GREENSBORO, N.C. - Jefferson-Pilot Corp., the insurance company that sprouted a communications subsidiary, plans growth in its broadcasting side that also targets regions slated for expansion of its insurance business.
The corporation has always been conscious that Jefferson-Pilot Communications Co. helped sell insurance, said John H. Hutchinson Jr., president of the TV division and general manager of WBTV in Charlotte.
Sports programming produced by the Charlotte-based communications subsidiary liberally used the Jefferson-Pilot name during broadcasts to build name recognition with consumers.
Jefferson-Pilot Communications president William E. Blackwell estimates it would cost the Greensboro-based insurance parent company more than $3 million per year to buy the advertising it gets free from its own communications company.
"It's so constant and so sustained that it's probably worth more than that," Blackwell told The News & Record of Greensboro.
The overlap has become more aggressive since David Stonecipher took over as president of the parent Jefferson-Pilot Corp. in 1993, company executives say.
The communications subsidiary will shop for stations and sell programming during the next few years, Hutchinson said. Its targets will be in fast-growing regions including the Pacific Northwest, Texas and Florida - sites that are also key markets for the insurance side.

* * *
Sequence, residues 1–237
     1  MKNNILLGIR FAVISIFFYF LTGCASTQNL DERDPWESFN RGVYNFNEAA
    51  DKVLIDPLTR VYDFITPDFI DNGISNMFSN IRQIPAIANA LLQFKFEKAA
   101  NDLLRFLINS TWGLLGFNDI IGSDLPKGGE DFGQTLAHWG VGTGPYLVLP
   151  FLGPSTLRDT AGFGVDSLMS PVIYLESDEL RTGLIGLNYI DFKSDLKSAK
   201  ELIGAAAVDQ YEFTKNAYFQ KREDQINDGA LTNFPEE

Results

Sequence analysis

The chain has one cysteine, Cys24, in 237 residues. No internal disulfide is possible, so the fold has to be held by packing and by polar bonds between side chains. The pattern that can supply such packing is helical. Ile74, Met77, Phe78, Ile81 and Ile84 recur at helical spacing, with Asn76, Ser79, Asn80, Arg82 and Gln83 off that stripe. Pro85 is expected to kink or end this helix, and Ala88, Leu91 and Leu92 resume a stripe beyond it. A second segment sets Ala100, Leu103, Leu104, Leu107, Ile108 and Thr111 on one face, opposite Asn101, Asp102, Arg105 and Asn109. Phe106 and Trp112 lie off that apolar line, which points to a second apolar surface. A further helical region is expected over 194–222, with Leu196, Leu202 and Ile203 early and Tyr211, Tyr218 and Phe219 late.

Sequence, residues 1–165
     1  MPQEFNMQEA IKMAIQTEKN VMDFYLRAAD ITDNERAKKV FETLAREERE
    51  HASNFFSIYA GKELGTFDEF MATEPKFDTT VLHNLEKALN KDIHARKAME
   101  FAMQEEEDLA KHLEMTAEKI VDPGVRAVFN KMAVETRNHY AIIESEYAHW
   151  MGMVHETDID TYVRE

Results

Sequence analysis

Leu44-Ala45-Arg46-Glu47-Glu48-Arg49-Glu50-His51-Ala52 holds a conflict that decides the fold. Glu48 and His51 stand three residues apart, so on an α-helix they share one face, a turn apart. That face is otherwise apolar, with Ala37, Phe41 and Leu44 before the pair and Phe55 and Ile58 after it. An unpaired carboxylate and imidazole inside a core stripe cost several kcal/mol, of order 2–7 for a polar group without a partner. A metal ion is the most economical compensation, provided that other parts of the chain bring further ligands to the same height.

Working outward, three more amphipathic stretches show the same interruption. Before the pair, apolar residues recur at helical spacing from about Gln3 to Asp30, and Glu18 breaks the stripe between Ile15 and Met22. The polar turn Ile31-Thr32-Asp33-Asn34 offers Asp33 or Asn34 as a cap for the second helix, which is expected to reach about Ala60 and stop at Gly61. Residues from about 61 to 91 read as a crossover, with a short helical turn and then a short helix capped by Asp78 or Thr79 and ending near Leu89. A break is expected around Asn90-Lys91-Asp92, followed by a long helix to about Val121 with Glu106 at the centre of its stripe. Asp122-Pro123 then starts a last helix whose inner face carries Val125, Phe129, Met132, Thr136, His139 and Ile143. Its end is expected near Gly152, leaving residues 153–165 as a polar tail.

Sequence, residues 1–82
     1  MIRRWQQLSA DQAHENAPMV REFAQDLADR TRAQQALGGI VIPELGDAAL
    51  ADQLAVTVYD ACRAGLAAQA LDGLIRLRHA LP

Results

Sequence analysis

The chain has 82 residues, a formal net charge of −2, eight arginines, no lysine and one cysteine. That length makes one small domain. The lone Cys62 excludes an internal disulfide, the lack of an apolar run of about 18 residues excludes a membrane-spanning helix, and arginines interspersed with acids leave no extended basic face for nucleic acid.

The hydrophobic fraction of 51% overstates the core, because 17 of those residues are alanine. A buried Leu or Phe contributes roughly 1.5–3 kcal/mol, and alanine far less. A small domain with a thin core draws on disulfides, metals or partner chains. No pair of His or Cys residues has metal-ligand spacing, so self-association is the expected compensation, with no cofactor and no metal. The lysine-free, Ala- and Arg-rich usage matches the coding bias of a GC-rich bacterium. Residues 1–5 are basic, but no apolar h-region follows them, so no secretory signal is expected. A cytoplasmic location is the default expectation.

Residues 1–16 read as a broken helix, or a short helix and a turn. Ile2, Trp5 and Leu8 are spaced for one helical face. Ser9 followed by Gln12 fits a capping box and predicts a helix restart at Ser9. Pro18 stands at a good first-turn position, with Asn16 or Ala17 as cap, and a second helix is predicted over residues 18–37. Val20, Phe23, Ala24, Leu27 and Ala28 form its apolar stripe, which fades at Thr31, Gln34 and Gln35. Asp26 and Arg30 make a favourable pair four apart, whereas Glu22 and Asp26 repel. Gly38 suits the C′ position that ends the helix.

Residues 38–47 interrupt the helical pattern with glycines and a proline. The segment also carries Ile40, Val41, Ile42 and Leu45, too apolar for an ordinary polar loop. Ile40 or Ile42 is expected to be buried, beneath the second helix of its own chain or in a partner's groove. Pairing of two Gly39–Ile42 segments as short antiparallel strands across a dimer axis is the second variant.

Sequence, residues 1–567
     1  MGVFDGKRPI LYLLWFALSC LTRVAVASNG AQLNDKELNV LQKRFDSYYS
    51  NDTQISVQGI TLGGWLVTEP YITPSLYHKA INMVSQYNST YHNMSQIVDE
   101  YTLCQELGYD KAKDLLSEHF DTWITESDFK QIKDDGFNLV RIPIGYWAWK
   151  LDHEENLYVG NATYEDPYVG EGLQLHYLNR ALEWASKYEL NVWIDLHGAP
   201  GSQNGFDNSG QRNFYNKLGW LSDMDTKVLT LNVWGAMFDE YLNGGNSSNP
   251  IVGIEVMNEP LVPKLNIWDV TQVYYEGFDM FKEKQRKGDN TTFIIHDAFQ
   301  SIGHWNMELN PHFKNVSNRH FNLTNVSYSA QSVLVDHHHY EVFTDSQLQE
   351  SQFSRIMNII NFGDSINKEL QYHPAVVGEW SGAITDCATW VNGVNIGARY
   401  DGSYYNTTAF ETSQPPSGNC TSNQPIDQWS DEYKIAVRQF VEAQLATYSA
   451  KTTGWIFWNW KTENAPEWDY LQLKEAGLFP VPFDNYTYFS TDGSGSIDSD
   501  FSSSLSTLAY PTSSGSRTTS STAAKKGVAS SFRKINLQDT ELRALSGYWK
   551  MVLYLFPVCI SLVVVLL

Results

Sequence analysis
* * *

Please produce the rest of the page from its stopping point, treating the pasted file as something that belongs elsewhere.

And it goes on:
The insurance company also has begun selling policies in Uruguay and Argentina. The communications subsidiary has contracted with networks in those countries to show U.S. ice-skating and gymnastic programs.
"If we can get the JP name out, it will help us sell insurance down there," said sports division president Edward M. Hull.
But it wasn't a desire to build name recognition that got the life insurance company into broadcasting.
The corporate legend is that Joseph Bryan, then president of Jefferson Standard Life, took over a small Greensboro radio station in 1934 after the station's owners abandoned it at the height of the depression.
Bryan, who had friends in the radio industry, had another reason to be interested in WBIG: it operated from the top of the Jefferson Building downtown. In the 1940s, Jefferson Standard added some CBS affiliates including WBT-AM in Charlotte.
"Who knows what triggered his interest in it. It's a good question because there's very little natural synergy between life insurance and broadcasting," Blackwell said.
The communication company now includes three divisions:
-a radio network that includes 16 radio stations in North Carolina, Georgia, Florida, Colorado and California.
-a television division that is developing its own programming and includes television stations in Charlotte, N.C., Charleston, S.C., and Richmond, Va.
-a sports programming division that holds the rights to broadcast Atlantic Coast Conference basketball and football, Southeastern Conference basketball and some auto-racing events.
Earnings at Jefferson-Pilot Communications have increased an average of 20 percent since 1990. Operating income jumped from $10.5 million in 1990 to $23.6 million in 1995, according to company financial statements. By the end of 1995, the communications side of the business represented 10 percent of JP's overall profits.
A list of radio and television stations owned by Jefferson-Pilot Communications Co.:
Source: Jefferson-Pilot Communications.
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